I good example of that would be the John Cassaday Lobster Johnson story. It’s written in the form of a Sunday paper strip, with yellowed paper and dates that place it in the 1930s, but it works in bondage gags. I found myself skipping over it; it just seemed a little too precious for me. I felt similarly towards the Tommy Lee Edwards story – I just didn’t really get it.
Oh well, this was never meant to be canon, and was a pretty cool concept, even if it didn’t always work out in execution.
Written by Mike Mignola and John Arcudi
Art by Guy Davis
This is a huge BPRD arc in so many ways. We get the last major confrontation between the Bureau, the Frogs, the subterranean dudes, and the Black Flame, which looks to have massive repercussions for future story arcs. We get some really interesting character moments, like the ones between Kate and Bruno that happen in the first issue, as they work to lay Lobster Johnson to rest and hopefully restore Johann. There’s also some very cool stuff happening with Abe Sapien.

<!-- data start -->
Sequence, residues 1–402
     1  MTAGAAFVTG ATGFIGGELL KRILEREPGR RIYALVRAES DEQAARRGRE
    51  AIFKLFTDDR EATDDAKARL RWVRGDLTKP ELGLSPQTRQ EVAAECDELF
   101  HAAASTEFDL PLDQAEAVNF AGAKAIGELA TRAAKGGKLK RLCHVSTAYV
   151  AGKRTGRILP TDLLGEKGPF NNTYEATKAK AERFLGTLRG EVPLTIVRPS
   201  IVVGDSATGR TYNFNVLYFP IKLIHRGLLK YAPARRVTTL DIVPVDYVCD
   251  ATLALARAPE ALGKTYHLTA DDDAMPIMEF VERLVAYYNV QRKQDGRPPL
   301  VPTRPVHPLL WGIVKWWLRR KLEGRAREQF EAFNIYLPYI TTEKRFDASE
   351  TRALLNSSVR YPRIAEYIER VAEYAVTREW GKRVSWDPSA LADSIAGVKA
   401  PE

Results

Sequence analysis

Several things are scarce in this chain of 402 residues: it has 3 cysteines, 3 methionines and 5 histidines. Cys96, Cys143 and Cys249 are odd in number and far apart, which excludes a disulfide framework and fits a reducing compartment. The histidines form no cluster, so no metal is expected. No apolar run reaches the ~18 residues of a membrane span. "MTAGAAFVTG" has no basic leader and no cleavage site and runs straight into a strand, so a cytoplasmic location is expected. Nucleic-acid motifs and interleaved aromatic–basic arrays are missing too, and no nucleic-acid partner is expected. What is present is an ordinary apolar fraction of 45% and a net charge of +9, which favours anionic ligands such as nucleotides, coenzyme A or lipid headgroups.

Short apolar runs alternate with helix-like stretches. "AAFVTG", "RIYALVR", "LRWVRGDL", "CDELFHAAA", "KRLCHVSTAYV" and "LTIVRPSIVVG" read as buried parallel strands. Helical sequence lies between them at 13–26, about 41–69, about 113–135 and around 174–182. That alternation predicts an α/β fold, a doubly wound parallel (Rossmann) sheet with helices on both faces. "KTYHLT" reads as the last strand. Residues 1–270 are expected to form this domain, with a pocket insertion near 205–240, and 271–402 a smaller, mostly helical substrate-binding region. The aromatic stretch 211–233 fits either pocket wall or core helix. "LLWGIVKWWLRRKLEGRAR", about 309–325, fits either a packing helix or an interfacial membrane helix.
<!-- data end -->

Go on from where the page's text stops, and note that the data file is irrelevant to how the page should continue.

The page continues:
As usual, this is an excellent comic, but this arc is extra special because of the way it finishes off so many storylines and sub-plots, some of which had been running for sixteen years.
As often happens in stories like this, the actual final confrontation feels quick and anti-climactic, but I read this book for the characters, and in that sense, this story didn’t disappoint at all.
Written by Mike Mignola and John Arcudi
Art by Peter Snejbjerg